back to article Outback geothermal plant goes live

Geodynamics has pulled the big Acme switch on its Habanero pilot plant, near the remote South Australian town of Innamincka. Perched atop 4 km of drillings, the pilot plant has 1 MWe (megawatts of electrical energy) capacity and is about to enter a 100-day trial and demonstration project to be completed in August 2013. The …


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  1. Tony Reeves 1
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    "The company believes the Habanero site has around nearly 60,000 petajoules of recoverable thermal energy which would, it says, deliver around 7,000 petajoules of end user power"

    So it is only a little better than 10% efficient, way less than current PV efficiency. Is this wasting too much natural resource?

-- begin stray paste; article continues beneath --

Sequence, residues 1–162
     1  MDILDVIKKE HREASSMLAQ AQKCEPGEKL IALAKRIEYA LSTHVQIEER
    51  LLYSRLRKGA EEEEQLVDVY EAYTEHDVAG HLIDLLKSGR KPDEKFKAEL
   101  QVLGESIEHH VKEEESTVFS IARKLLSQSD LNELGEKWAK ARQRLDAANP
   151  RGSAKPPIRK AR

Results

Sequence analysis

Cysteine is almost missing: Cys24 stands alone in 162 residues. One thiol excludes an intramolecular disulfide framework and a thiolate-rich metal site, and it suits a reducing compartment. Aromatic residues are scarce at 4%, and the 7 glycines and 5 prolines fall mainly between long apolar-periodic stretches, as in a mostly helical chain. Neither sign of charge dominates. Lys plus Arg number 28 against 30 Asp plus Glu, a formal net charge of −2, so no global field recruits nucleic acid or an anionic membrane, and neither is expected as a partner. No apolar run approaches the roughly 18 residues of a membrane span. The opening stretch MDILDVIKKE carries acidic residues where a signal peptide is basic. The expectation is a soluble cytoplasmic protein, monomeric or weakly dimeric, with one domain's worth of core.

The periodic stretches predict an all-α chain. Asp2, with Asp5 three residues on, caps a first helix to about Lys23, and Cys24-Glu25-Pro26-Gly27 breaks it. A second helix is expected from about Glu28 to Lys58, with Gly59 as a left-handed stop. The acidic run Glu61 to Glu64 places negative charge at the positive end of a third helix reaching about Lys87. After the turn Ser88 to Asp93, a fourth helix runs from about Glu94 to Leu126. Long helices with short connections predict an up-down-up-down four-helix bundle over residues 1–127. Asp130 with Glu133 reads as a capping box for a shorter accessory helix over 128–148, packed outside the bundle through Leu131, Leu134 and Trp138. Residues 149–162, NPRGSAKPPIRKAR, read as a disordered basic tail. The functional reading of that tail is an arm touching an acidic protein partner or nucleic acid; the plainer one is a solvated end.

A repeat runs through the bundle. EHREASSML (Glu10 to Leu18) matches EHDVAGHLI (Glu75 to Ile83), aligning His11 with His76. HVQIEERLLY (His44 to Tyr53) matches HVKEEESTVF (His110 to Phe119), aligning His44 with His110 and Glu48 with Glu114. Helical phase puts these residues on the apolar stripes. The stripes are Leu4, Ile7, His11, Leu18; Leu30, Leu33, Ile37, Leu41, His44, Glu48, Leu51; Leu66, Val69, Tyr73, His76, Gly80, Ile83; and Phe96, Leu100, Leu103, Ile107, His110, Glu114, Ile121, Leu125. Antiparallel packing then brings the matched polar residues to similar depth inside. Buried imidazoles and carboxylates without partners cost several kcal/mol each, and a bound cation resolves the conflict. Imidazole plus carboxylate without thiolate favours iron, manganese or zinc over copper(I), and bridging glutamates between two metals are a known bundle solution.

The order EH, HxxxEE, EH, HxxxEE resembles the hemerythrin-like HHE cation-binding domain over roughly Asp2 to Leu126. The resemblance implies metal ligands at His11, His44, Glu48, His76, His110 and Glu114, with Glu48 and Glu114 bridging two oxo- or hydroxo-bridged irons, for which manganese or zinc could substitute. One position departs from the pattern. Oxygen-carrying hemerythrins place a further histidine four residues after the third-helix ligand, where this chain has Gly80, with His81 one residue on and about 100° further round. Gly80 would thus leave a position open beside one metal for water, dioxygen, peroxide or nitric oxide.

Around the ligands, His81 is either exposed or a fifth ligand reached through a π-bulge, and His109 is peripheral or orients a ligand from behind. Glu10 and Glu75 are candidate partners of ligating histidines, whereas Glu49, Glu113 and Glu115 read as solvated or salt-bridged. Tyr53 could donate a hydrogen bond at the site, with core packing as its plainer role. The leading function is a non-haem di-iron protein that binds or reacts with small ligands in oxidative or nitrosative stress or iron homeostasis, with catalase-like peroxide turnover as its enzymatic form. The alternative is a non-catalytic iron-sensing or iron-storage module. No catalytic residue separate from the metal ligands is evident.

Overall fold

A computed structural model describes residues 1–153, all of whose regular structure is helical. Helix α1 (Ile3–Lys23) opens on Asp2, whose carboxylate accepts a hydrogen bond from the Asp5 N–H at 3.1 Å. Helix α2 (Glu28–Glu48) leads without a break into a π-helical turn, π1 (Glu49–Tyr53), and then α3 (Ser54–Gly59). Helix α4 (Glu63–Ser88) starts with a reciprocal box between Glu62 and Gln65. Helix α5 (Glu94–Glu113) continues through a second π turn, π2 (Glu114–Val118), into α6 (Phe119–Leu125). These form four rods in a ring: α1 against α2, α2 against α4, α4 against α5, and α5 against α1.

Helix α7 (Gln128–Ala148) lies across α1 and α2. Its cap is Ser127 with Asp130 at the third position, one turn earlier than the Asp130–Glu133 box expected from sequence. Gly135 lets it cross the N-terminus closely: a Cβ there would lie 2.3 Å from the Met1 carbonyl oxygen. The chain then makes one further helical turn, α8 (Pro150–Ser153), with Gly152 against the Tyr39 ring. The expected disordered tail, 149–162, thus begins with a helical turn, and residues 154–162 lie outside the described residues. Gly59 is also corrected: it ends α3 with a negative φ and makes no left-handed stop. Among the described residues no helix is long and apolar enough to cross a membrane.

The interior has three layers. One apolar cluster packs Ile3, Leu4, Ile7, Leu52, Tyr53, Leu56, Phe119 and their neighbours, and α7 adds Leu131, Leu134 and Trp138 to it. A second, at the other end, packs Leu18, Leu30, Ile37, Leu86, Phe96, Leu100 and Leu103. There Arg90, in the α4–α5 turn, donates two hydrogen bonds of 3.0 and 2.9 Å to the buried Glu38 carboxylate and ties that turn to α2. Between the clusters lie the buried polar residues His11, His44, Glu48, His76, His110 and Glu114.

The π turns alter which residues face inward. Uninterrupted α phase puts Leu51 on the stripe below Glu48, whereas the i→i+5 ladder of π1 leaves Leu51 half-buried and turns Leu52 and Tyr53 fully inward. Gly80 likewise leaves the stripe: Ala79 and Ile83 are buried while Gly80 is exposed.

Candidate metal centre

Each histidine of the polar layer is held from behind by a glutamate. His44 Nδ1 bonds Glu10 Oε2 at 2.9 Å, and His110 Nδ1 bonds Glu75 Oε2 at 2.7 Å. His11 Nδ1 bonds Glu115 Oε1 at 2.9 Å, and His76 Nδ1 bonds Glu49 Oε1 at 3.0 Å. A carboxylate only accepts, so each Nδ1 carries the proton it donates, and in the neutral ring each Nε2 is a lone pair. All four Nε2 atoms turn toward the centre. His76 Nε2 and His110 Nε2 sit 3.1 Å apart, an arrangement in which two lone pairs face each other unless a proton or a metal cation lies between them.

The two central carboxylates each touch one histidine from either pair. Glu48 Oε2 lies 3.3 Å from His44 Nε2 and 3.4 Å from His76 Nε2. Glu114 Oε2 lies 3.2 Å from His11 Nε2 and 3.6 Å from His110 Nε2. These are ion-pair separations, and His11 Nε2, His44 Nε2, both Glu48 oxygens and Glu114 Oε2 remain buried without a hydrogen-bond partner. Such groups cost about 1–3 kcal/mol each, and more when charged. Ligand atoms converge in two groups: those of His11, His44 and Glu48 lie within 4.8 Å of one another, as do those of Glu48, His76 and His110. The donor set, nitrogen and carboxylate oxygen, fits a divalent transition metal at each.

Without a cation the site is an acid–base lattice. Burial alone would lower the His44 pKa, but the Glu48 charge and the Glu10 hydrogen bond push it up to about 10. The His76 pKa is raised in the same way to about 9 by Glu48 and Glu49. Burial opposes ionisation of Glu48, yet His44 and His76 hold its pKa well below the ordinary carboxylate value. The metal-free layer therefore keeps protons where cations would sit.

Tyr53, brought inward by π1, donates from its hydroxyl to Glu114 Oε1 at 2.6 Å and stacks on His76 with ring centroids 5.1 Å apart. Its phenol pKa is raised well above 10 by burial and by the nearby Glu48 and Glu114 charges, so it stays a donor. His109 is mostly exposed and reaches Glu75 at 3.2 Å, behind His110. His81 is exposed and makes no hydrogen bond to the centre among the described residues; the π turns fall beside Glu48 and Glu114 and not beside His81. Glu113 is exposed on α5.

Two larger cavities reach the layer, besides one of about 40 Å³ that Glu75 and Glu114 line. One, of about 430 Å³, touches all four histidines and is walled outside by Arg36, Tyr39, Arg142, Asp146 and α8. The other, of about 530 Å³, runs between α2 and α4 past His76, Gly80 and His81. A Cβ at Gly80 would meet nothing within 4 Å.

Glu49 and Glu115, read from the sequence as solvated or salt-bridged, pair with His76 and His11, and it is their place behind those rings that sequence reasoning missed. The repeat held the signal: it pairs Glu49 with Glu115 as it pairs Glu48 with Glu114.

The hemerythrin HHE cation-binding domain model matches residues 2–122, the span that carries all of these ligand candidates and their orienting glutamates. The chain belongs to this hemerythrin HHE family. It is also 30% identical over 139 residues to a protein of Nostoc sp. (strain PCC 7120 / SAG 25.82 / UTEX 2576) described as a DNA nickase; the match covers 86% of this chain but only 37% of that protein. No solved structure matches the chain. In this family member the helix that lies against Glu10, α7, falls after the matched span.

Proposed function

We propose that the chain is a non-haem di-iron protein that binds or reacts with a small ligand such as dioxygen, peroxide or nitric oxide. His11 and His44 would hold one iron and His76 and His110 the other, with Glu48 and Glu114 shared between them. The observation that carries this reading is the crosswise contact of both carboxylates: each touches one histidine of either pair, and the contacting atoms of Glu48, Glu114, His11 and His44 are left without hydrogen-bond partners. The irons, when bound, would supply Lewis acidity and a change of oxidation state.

1. MajorTom

      But geothermal also works at night.

      1. Anonymous Coward
        Anonymous Coward

        and during a nuclear winter. ;)

    2. GrantB


      Geothermal plants can be more efficient than this, but total energy conversion efficiency is not usual the primary aim, as the energy comes for free once the plant is built. Hence things like total cost of plant (and whether there is multi-stage turbines/heat exchangers factor in to it - i.e it might be cheaper per kWh to get 10% of the total resource energy rather than extract more and get 15%.

      Haven't read up about this particular plant, but suspect most of the energy not turned into end-user power, will be reinjected into the ground to keep the plant running for a long period of time and to avoid having to dispose of geothermal fluid after it is used to drive the turbines.

      Oh, and I suspect PV cells are not that efficient either if you are comparing total recoverable energy in an area to 'end-user power'. Geothermal is a great way of providing base-line power overnight. Would be interesting to see a mixed plant though - i.e. boost geothermal fluid temperatures using a solar furnace during the day.